erd-girl gets the VIPs. She’s their coffee and wake-up call and maybe a bit more. She makes sure the clients on our top-dollar list get just the right amount of personal attention, so they know they’re wanted and that the cash they’re investing adds to their feeling better about themselves (or more aroused).
Nerd-girl is my affectionate name for a Scottish lesbian who “plays” in the first round of VIP sexting calls. She’s my teasing alter ego.
But she’s just a piece of a much bigger puzzle.
In all, I have seven girls on three continents texting to several dozen men 24/7. They’re my core staff but don’t include my Twitter, Facebook, and Instagram assistants, who each ply my brand on those platforms.
Someone asked me the other day what had happened to me. I’m back in London, hardly visible (virus aside), don’t return calls, occupy my own space.
When I tell them I’ve become a fulltime sexting entrepreneur they scoff, or maybe think I’m busy sending out cute photos of myself.
They have no idea.
Over the last four months, I have built a business with some 5,000 followers, created elaborate ID mechanisms so everyone know who’s out there, who our (my) fans are. And those fans get regular sexts and images and videos (depending on their price range) from very busy me, who really isn’t me but a host of employed girlfriend alter egos who work my digital merry-go-round from Ohio or Scotland.
We supply willing adults with erotic text messages and what amounts to online sexual care packages at a price.
And business is booming. Call it right place and right time, since this isn’t what I had in mind a year ago. The virus has pushed people indoors and sexting is the perfect way to keep them hooked on their drug of choice.
I’m glad for Nerd-Girl and her accomplices. I couldn’t bear the idea of sitting in a room sending “Are you as horny as I am?” messages to thousands of strangers. So I’m the supervisor, stepping in when one of my girls can’t pull a shift. I’m a madame in a game of virtual sex so far removed from anything real it makes actual escorting into something that women did to stay afloat before the flood.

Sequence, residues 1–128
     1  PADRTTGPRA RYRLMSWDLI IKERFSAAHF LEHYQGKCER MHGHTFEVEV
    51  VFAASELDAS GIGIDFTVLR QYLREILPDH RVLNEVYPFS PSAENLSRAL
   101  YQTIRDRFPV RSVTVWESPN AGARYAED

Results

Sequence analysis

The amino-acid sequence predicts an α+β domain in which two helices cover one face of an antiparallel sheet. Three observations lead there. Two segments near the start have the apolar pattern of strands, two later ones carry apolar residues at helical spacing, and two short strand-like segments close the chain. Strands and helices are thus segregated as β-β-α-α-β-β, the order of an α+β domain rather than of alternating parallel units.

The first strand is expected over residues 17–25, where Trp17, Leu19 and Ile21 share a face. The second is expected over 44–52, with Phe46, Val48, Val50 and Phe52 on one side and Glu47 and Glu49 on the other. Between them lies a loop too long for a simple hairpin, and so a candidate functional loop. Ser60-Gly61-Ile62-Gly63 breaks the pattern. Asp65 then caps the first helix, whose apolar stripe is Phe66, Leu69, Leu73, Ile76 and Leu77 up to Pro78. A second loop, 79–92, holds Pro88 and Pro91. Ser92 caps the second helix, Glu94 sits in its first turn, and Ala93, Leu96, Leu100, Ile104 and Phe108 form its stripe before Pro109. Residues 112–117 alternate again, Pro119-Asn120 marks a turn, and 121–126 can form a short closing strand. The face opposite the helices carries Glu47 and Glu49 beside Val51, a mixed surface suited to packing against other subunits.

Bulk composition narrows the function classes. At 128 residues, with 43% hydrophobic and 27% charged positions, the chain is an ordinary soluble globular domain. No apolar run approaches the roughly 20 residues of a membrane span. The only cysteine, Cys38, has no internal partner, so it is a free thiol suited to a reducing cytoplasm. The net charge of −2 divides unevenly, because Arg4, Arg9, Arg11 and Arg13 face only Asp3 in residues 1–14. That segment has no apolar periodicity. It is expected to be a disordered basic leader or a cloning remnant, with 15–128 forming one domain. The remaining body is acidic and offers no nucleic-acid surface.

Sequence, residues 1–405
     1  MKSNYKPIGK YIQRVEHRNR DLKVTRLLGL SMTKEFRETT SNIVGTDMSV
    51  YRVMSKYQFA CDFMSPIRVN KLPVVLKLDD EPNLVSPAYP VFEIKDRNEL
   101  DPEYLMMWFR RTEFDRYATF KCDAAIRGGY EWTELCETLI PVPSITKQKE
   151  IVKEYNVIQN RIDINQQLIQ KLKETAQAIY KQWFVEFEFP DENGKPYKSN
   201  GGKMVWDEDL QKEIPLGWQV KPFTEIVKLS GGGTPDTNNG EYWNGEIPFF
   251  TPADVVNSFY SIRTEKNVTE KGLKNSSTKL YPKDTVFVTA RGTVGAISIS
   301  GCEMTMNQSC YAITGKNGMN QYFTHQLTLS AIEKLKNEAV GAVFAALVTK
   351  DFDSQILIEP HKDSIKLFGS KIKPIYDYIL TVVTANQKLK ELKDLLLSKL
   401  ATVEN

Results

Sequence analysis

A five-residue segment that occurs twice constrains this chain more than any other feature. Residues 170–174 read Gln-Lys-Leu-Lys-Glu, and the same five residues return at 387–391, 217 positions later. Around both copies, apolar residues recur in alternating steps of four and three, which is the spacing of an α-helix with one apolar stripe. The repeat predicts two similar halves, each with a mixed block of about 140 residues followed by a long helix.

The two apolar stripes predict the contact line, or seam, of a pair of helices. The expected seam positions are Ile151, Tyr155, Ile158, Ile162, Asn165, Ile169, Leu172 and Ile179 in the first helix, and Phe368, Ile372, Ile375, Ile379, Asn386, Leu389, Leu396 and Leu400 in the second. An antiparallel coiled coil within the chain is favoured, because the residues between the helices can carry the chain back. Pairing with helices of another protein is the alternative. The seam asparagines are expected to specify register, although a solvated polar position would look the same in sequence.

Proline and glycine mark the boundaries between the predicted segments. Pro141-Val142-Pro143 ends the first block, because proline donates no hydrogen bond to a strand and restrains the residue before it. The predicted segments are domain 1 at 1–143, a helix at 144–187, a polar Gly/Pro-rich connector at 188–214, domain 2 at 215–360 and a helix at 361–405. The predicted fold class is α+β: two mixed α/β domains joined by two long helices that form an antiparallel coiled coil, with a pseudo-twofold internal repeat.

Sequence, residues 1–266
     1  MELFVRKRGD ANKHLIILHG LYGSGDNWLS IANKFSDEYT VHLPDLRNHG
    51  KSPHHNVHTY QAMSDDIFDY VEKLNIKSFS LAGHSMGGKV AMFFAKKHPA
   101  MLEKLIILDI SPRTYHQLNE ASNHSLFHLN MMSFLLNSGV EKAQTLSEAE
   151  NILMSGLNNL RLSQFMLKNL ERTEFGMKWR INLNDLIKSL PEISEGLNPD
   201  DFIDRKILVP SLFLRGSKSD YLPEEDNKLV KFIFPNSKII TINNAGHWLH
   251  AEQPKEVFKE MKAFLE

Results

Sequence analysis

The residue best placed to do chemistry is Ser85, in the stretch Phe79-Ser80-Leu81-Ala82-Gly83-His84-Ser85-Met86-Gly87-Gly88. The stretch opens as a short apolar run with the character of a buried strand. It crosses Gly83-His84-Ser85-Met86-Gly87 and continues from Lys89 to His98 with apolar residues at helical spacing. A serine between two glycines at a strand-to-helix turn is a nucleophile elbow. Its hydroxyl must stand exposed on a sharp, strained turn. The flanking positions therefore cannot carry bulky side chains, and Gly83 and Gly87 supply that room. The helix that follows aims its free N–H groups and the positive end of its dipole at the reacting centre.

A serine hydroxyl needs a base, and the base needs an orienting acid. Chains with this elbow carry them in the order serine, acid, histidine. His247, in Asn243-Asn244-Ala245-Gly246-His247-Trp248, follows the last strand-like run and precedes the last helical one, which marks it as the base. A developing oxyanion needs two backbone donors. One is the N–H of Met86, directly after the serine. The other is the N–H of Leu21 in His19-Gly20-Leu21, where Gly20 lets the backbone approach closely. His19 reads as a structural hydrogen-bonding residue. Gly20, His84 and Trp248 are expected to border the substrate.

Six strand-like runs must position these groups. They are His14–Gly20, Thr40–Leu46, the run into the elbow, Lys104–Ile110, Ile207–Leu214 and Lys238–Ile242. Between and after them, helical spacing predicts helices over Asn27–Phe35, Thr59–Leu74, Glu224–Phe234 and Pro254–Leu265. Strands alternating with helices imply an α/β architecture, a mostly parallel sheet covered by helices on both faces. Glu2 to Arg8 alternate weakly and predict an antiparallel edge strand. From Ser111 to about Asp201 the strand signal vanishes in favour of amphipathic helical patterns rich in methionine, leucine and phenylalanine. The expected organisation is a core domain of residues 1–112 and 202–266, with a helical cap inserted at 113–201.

But now that the waters are neck-deep, the virtual ocean is the only one anyone knows.
I work seven days a week, eat little bites of this and that at home, sip campaign with my Chilean roommate Oscar (who tells me I’m a businessman in a woman’s skin).
While many in the sex industry are in big trouble, I’m thriving — and again, much happened by accident.
As girls discover my fan site, count up the numbers, I get notes out of the blue, such as the message I got from the single-mom in Tulsa (not precisely a suburb of London) telling me she was desperate, flat broke, her escort and dancing jobs dead, kids to feed: could she be one of my sexters. Please, please, please. We worked it out and she’s now on the American team, each one of them with their client lists and their schedule, all at once being me in the fantasy incarnation I’ve spent a year or two to construct.
We’re like a SWAT team. We need to know the target, the audience, who we’re speaking to (“I’m so hot for you Joe…”); we need to adjust to their fantasy needs and try to lure them a step past the words, which means buying an image, then a video. Add these small sales, added and multipliedby the hours of day (and the days of the month) and you have a business. A business so modestly successful that, as mentioned earlier, even porn stars now want in, since their careers are dead in the water, or nearly. There’s no steady income stream. Too much free porn flooded the market a decade ago and now there’s enough to last 50 years. But the people who made those videos usually got their cash on the spot, after which they lost any control over the video. It’s what brutalized the music industry when people could suddenly download anything for free.
But life isn’t free, and jobs are scarcer than ever, so think what you will of what I do, but consider me an antidote to the Great Depression. I’m the Tennessee Valley Authority or that prime minister who decided to send people to work building Council flats. I work with girls, with women, and they make money.
One of my sexters is a tranny in Phoenix who dreams of starting her own fashion line but needs money to keep her design work active. We’re a band of gypsies who communicate online and share laughs before getting back to it.
As a joke, we started up a Mr. Dick context, like our version of Miss America, but with a scorpion tail.
Send your dick pix and we’ll tell you what we think, or I think: a personalized Michelin system. The joke was on us: we got thousands, with our subscribers eagerly awaiting our verdict. Dozens of hours of work later, we rated them all, looking to boost egos, not deflate them. As for what makes men this way, I’m no longer interested in even thinking about it. I have a business to run.
Right then, please excuse me, I need to go over what we have planned for Instagram in the next 24 hours, and I do need to check in with Nerd-Girl, since she’s probably finished waking the VIPs, and that means its time for their lunchtime feeding. A working girl really does work.
Truth be told (and what former English boarding school girl doesn’t always tell the truth?), we’re collectively happy to get wet on crass demand so long as that bit of fictitious moistness helps with our sexting sisterhood’s bottom line, and just maybe also encourages a virus-proof dream or two about better times ahead.